“The study, which included 10 patients, is small, but we continue to add new patients,” said Dr. Lodish, director of the pediatric endocrinology fellowship program at the Eunice Kennedy Shriver National Institute of Child Health and Human Development. Ten more children are being added to the cohort now, and she and Ms. Blain, a former research fellow at NIH, intend to grow the group and follow patients longitudinally.

Cushing’s disease has long been linked with increased cardiovascular risk in adults, but the study by Dr. Lodish and Ms. Blain is one of the first to examine the link in children. Their findings suggest that early cardiovascular risk factor management should be a routine part of these patients’ care, Dr. Lodish said in an interview.

“It’s very important to make sure that there is recognition of the cardiovascular risk factors that go along with this disease. Elevated levels of cholesterol, hypertension, and other risk factors that are in these individuals should be ameliorated as soon as possible from an early age and, most importantly, physicians should be diagnosing and treating children early, once they are identified as having Cushing’s disease. And, given that we are not sure whether these changes are reversible, we need to make sure these children are followed very closely.”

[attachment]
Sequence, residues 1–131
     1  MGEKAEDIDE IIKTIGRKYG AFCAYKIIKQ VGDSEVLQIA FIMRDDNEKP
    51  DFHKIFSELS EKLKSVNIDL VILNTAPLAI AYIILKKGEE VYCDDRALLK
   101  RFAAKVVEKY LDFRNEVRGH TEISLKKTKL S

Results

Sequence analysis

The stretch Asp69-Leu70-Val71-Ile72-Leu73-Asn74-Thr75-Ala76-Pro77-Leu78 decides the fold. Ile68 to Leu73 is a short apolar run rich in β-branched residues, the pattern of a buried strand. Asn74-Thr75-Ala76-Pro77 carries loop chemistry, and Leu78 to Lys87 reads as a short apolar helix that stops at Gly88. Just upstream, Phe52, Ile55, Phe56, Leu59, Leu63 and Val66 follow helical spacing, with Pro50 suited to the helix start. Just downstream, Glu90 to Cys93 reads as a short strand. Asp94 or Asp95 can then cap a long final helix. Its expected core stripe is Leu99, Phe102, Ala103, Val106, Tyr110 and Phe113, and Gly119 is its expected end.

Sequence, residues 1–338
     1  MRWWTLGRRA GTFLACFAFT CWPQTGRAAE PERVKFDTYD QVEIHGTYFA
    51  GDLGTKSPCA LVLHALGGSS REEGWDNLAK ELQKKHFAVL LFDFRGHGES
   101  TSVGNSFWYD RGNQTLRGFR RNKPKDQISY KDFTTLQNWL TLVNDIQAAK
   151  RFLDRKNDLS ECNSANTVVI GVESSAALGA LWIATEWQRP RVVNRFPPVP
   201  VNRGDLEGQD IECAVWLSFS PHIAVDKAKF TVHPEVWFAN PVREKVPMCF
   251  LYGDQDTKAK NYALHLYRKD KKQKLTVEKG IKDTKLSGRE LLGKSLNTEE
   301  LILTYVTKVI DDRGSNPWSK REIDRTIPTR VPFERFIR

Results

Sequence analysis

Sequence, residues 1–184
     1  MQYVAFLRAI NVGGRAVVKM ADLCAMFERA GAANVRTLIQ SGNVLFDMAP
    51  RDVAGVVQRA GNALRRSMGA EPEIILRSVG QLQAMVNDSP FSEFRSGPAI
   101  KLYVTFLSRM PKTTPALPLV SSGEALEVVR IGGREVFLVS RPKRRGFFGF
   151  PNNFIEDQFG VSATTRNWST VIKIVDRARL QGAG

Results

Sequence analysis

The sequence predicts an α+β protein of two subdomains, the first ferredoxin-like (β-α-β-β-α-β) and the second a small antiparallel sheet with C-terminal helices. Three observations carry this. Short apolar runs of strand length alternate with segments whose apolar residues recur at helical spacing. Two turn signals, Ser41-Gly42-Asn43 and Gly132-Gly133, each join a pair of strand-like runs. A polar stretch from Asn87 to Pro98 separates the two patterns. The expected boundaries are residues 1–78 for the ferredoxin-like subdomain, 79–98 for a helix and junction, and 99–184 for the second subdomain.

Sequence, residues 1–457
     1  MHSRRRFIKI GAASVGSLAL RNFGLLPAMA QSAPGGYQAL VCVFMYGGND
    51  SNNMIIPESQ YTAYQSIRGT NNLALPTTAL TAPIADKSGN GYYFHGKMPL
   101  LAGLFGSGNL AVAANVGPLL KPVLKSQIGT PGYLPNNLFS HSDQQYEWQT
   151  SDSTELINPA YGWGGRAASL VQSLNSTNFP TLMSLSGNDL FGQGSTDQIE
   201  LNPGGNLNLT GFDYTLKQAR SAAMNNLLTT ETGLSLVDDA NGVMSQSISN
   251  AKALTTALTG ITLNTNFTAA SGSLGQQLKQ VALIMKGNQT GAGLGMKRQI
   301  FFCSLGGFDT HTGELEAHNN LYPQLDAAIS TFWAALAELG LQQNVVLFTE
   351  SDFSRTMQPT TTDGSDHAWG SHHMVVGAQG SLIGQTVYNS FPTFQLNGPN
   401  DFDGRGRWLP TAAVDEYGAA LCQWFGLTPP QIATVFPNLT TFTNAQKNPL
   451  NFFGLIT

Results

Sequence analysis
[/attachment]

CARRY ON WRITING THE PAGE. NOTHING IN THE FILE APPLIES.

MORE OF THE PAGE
Indeed, Dr. Lodish has reason to believe that the changes may be long lasting or even permanent.

“We are looking at these children longitudinally and have 3-year data on some patients already. We want to see if they return to normal pulse wave velocity after surgical cure, or whether this is permanent remodeling. There is an implication already that it may be in a subset of individuals,” she said, citing her own 2009 study on hypertension in pediatric Cushing’s patients. “We looked at blood pressure at presentation, after surgical cure, and 1 year later. A significant portion of the kids still had hypertension at 1 year. This leads us to wonder if they will continue to be at risk for cardiovascular morbidity as adults.”

Ms. Blaine, an undergraduate at Bowdoin College, Brunswick, Maine, worked on the study during a summer internship with Dr. Lodish and presented its results in a poster forum during meeting. She examined two indicators of cardiovascular remodeling – aortic pulse wave velocity and aortic distensibility – in 10 patients who were a mean of 13 years old. All of the children came to NIH for diagnosis and treatment of Cushing’s; as part of that, all underwent a cardiac MRI.